managed forest buffers, and transition zones), to ensure the ecological
integrity of the semi-natural agroecological landscapes, to maintain critical
ecosystem connectivity across scales, and encompass semi-natural landscapes and
bioregions within a matrix of intact nature to ensure that their own ecological
patterns and processes are sustainable. Up to 50% of Earth’s land surface has already
been transformed from mostly wild to mostly anthropocentric, so the biosphere is
likely to have already lost its global percolating cluster. If indeed
bioregional and global scaled landscapes are similar to landscape and
bioregional pattern, terrestrial ecosystem connectivity is already critically
lacking, and the global ecosystem now exists as patches of nature within a sea
of humanity. It is urgent to protect most of what remains and to begin
reconstructing connected ecological landscape matrixes of intact ecosystems
across scales, so that globally the biosphere can percolate back to connected
nature as the provider of top-down context to human and all life.

To have meaning in guiding global ecological sustainability policy, these continental
and global observations -; and proposed 66% presence / 44% protected -;
planetary boundary for terrestrial ecosystem loss must be grounded in real-life
landscape and bioregional conservation considerations. An example are efforts
to achieve ecological sustainability, including maintaining continued viable
populations of Asian elephants in the Western Ghats bioregion of India, particularly
within Kerala state, as an umbrella species. The Asian elephant requires
extensive and adequate natural habitat for its survival, and the Western
monsoon depends upon forest-dependent pressure gradients -; and thus the
provision of both provides for water, clean air, soil, pollinators, and other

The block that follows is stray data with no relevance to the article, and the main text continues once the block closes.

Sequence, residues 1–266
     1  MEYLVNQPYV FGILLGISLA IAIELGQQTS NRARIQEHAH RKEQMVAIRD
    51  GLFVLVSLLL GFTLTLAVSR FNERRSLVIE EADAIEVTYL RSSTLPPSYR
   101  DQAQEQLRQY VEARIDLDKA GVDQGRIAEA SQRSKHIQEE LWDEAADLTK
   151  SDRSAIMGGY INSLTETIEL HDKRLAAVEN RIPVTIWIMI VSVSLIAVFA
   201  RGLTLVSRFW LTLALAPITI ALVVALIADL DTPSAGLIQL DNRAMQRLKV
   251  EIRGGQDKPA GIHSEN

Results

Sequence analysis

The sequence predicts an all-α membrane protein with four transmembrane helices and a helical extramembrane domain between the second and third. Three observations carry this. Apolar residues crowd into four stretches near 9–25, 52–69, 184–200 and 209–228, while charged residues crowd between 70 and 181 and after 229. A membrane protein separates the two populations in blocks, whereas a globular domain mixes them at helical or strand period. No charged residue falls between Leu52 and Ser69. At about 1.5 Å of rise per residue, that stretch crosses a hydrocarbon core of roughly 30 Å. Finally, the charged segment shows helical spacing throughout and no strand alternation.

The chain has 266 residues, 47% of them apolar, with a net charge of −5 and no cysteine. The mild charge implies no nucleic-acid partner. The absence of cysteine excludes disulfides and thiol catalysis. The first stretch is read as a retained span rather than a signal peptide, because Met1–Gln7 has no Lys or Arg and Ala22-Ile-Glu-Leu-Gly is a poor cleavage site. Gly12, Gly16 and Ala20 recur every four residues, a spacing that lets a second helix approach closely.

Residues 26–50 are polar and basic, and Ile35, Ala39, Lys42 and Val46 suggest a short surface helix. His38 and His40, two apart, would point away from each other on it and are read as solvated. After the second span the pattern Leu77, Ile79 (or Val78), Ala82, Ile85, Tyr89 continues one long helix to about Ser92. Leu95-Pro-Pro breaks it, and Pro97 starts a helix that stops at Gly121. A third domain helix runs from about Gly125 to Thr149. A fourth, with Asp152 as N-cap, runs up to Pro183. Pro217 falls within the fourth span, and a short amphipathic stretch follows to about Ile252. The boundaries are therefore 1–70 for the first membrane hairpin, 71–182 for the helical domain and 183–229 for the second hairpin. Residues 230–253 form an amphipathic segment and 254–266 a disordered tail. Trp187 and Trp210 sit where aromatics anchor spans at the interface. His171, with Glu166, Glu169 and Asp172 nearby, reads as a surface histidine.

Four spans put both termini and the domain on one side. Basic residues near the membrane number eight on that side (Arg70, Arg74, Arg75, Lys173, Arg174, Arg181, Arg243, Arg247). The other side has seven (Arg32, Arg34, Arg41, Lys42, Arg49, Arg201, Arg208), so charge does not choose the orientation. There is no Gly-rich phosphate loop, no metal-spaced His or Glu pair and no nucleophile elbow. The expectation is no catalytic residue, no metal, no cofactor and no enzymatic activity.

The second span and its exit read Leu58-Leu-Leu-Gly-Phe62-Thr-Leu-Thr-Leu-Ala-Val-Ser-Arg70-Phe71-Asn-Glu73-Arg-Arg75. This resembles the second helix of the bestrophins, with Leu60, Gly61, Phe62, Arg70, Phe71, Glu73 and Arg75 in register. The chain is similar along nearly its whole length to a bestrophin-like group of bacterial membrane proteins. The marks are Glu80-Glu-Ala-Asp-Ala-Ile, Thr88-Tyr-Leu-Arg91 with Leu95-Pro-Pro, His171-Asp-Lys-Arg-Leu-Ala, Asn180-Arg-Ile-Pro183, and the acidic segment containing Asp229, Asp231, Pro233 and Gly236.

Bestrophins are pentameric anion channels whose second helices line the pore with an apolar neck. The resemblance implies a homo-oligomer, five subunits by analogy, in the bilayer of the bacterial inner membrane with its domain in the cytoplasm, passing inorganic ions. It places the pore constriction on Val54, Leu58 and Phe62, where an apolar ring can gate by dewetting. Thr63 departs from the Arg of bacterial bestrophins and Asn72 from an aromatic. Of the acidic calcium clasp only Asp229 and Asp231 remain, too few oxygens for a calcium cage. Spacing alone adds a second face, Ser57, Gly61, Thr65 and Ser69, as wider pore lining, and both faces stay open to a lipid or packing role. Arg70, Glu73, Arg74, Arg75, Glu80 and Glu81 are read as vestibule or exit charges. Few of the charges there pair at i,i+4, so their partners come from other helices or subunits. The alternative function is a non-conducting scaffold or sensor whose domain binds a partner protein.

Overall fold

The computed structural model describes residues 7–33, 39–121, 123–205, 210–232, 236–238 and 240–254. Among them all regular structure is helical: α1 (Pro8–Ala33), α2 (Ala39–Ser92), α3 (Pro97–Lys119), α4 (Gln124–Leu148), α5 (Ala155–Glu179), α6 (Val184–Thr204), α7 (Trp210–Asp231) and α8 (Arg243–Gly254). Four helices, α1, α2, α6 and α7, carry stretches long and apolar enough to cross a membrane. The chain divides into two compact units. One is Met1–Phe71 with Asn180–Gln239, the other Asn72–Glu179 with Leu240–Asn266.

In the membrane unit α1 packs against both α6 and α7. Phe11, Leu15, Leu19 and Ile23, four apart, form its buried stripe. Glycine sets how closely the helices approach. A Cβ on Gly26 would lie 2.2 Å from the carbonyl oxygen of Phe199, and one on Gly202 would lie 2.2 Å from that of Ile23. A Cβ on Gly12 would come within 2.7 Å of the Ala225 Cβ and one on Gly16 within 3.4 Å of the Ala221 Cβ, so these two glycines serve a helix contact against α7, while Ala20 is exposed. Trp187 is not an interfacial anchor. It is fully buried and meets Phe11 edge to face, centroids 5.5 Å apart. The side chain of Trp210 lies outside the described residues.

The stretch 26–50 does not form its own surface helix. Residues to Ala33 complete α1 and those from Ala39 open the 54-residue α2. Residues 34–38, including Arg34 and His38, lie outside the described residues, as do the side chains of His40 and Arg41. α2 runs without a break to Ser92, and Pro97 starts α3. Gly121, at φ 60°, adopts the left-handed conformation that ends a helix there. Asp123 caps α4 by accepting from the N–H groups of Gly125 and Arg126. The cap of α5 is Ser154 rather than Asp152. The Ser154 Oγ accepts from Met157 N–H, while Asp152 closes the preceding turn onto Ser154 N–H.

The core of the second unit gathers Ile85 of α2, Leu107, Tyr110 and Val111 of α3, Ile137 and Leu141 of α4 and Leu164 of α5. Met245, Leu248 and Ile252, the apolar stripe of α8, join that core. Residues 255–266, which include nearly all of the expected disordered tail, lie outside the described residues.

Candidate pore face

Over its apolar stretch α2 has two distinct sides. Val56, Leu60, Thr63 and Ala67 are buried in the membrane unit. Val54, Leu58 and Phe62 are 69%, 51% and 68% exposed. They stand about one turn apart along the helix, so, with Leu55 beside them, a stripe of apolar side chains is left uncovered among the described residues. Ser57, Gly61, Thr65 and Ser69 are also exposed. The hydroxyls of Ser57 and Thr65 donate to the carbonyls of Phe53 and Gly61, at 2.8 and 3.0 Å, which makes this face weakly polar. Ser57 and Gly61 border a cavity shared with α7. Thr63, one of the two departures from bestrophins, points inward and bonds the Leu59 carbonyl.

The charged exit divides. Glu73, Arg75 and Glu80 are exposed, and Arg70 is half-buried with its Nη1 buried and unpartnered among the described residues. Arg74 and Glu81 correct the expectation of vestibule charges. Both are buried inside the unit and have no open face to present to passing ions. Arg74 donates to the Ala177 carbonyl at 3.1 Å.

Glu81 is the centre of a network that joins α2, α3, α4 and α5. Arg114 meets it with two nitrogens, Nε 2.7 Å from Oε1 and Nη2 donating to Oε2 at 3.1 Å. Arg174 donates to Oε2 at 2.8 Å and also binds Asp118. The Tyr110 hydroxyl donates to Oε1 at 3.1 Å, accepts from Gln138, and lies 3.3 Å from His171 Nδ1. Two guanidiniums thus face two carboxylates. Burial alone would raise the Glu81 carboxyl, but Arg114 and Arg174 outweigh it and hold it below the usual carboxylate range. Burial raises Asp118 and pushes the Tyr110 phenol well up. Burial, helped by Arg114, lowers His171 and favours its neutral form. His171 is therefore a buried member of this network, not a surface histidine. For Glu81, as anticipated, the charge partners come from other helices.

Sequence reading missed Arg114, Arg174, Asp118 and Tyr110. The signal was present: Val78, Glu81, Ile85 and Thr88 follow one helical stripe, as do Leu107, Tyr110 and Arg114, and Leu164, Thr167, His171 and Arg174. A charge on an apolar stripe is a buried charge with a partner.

ecosystem services for the region, nation, and biosphere. An initial expansive regional
ecosystem mapping exercise that seeks to identify natural gradients in
ecological importance has taken place in Kerala, but its largely top-down
processes have faced organized socio-political resistance, it is not clear the
scientifically valid mapping processes have enough understanding and support, and
the legal structure is not in place to tie its requirements for local and
regional sustainability to laws. As a real-world example, elephants moving
across landscapes are emblematic and widely visible examples of the myriad types
of flows that continue on a connected landscape, making life possible. It is
suggested that as go the Western Ghats’ and Kerala’s Asian elephants and their
habitat, so shall go the biosphere, and that it is crucial to build awareness that
healthy ecosystems are essential to both local advancement and global
sustainability. On the basis of taking such an ecosystem and landscape approach
to the needs of Earth System sustainability, and given pernicious trends of
ecosystem loss and decline, it is concluded that more attention is needed to
prevent worst-case outcomes including biosphere collapse and a lifeless Earth,
particularly because of abrupt climate change and ecosystem loss. A massive and
global program to protect and restore natural ecosystems -; funded by a carbon
tax on fossil fuels -; is presented as the sort of policy approach necessary at
this time to avoid biosphere collapse. Humanity is now the major force shaping
the biosphere, which, if current trends in ecological loss and diminishment